SAN JOSÉ, COSTA RICA — On the night of May 30, 2013, conservationist Jairo Mora saw the last sea turtle he would ever try to save. That night, Mora and four foreign volunteers slipped out of the butterfly-wing gates of the rescue center where they worked on Costa Rica's Caribbean coast and took a drive down the notoriously dangerous Moín Beach. The next morning, police found Mora’s beaten body facedown in the sand. He had been dragged back and forth across the beach until he suffocated.
At the time of his murder, Mora was working to protect the eggs of the endangered leatherback sea turtles that nested on Moín, but his conservation efforts did not sit well with the local poachers who sell the eggs, a rumored aphrodisiac, on the black market for a sizable profit. Before he was killed, Mora had been threatened and assaulted, but he continued to save eggs until his murder.
Mora's slaying was not seen as unusual in Latin America, where more environmentalists are killed than anywhere else in the world. From the Amazon in Brazil to the deserts in Mexico, activists continue to be murdered at a record pace. Just last month, Berta Cáceres, a prominent Honduran activist, was killed in her home after years of protesting against a hydroelectric dam project. In 2014, 88 other activists were killed in the region.
With its reputation for environmental friendliness, Costa Rica had long stood out from its neighbors as a safe haven for environmentalists, and for many, Mora’s murder was seen as evidence of the expanding violence against activists. Now, despite the blemish on Costa Rica’s image, the country’s handling of Mora’s case stands as a rare positive example.
This month, judges doled out the maximum sentences to four poachers found guilty of the crime. The convictions have provided a glimmer of hope in the bleak atmosphere that environmentalists in Latin America face, but overall little has changed.
According to 2014 study by international NGO Global Witness, the average numbers of reported environmentalist murders has more than doubled since 2010. More than 80 percent of these reported killings were in Latin America.
Researchers now compiling data from 2015 believe it was the deadliest year for environmentalists on record. Though better reporting mechanisms are likely responsible in part for the increasing numbers, researchers believe other factors are also at play.
“We think companies are getting more and more desperate to access resources,” Billy Kyte, the lead researcher of the Global Witness study, told The Daily Beast. “The pressure for natural resources is fueling competition between local communities and large extractive industry and dam companies."
This problem is especially acute in resource-rich Latin America, where many large corporations have received swaths of land through government concessions. Those affected by these land grabs tend to live in indigenous or farming communities where land ownership is crucial to survival.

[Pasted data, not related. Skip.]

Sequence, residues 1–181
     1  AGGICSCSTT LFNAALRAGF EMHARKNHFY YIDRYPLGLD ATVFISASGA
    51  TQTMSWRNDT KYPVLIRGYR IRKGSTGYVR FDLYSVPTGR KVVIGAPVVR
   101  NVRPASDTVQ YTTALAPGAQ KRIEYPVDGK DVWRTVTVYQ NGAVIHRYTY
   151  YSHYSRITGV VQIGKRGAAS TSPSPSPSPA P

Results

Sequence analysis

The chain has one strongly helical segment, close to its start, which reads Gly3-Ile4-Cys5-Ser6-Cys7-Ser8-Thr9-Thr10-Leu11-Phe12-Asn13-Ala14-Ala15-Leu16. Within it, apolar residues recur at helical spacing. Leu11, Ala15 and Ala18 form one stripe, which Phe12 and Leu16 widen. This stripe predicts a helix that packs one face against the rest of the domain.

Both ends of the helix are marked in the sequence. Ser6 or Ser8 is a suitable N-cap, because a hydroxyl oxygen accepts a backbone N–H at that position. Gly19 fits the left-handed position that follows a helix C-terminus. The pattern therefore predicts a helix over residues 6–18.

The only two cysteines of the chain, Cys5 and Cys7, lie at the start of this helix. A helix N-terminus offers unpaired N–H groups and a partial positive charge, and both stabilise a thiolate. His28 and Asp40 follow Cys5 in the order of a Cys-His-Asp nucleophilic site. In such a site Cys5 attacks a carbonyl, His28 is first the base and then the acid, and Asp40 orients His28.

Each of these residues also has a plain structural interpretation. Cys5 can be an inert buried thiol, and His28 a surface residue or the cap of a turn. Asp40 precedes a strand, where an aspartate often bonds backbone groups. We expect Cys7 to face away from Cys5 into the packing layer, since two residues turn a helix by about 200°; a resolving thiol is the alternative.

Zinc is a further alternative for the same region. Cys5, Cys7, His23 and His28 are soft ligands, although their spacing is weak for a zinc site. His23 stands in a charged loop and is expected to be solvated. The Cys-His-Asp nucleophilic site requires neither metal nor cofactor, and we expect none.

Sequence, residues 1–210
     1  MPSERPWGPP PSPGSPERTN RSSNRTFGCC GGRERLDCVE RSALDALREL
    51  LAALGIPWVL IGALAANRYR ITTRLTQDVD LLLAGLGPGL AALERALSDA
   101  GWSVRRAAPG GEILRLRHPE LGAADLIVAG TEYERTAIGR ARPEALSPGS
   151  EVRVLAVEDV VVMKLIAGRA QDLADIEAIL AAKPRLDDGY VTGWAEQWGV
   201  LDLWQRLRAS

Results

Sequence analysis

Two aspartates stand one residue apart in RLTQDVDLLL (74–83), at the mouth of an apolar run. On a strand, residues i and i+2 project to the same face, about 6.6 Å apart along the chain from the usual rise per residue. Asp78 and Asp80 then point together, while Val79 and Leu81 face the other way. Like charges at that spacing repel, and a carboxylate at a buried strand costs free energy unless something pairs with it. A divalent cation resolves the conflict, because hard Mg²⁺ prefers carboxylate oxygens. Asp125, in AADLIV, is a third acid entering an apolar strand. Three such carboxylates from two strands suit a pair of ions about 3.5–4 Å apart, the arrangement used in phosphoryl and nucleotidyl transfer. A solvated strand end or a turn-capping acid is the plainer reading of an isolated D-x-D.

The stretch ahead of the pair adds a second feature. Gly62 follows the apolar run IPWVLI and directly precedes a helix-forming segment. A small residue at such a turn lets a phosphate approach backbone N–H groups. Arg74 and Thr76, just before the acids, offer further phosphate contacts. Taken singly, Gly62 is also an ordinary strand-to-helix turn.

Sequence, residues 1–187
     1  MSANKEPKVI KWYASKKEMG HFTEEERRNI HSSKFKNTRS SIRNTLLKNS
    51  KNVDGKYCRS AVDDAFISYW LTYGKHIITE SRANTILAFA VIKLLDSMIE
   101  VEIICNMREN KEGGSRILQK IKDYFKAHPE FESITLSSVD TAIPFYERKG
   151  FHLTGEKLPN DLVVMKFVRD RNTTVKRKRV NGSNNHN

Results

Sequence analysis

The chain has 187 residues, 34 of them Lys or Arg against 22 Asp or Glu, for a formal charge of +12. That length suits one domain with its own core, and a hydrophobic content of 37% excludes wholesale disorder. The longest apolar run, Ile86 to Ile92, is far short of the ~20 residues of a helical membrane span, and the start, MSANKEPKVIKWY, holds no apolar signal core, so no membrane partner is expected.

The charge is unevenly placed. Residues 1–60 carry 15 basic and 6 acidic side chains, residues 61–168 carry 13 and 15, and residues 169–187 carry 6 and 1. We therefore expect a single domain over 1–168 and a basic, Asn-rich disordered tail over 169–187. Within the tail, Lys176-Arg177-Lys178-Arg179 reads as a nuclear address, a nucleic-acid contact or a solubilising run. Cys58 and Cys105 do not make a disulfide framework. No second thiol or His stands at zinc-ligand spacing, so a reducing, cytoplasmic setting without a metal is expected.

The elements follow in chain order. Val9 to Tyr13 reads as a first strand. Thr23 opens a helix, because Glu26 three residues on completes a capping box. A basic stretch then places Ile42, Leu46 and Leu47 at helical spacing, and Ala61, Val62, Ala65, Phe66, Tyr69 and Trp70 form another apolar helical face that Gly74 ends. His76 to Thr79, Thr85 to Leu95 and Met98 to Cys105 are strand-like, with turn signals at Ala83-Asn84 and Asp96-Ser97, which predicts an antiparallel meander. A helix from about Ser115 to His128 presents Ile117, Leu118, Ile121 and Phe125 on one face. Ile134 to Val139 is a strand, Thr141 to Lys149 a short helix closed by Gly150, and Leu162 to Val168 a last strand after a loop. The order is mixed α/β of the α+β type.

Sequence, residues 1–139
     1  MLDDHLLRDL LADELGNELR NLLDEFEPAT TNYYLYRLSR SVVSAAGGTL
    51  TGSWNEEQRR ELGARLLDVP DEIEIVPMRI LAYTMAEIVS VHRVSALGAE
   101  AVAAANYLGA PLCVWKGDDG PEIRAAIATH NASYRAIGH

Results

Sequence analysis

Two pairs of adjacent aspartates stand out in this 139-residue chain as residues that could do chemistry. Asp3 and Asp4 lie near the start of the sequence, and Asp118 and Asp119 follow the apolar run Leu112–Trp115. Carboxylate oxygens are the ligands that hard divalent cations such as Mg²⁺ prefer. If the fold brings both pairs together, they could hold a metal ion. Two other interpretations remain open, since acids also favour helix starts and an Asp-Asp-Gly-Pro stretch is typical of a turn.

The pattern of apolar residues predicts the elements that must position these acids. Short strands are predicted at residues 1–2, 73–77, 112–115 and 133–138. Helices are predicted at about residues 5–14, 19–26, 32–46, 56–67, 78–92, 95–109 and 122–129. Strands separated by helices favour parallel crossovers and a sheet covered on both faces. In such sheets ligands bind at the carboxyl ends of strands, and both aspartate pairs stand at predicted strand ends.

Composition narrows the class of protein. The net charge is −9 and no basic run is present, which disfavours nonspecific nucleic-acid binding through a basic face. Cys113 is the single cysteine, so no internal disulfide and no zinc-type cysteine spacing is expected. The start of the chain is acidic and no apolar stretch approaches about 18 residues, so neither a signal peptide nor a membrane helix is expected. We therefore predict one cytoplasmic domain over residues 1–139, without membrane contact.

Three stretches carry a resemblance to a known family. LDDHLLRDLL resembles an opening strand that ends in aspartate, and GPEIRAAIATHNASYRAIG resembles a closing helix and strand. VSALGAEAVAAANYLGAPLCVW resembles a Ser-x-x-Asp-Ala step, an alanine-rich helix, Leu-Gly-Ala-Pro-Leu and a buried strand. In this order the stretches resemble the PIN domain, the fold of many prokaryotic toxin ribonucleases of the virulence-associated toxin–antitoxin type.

These murders are rarely punished and only a handful of reported environmentalist murders globally have been prosecuted. In Latin America—where impunity is often higher for crimes in general—Mora’s case is one of only a handful of environmental murders to result in a conviction.
With Mora’s case now solved, environmental groups are pointing to the Cáceres murder as an important opportunity to break the cycle of impunity. Due to Cáceres's visibility and notoriety abroad, a conviction for her killing would send a message.
“A credible investigation that results in arrests would help to restore the idea that there is not simply blanket immunity for the murders of environmentalists,” John Knox, an independent expert on human rights and the environment for the United Nations, told The Daily Beast. “If [potential killers] thought there would be accountability there may be people who would still risk it, but there would be nothing like the numbers that you see here.”
Despite mounting pressure internationally and the past threats on Cáceres’s life, the Honduran government has continued to classify the murder as a failed robbery rather than an assassination, and Cáceres’s fellow activists have cast doubts on the government’s commitment to a thorough investigation.
This month, members of Cáceres’s family traveled to Washington, D.C., to call for an independent investigation into the murder, but U.S. officials have thus far said they would not launch a separate inquiry.
While Cáceres’s and Mora’s murders both caught international attention, other killings continued without attracting much notice. In March alone, two other environmentalists were murdered in Central America. Nelson García, a member of Cáceres’s group of protesters, was shot in the face on March 16, and Guatemalan Walter Méndez was shot in his home after receiving threats for his campaigns against illegal logging. If recent years are any indication, the coming months will see many more deaths.
“All of this pressure is because so many people knew [Cáceres] personally, but this happens to countless others all the time,” Knox said. “The murders are just the tip of the iceberg because there are countless environmentalists who are harassed for every one that is murdered.”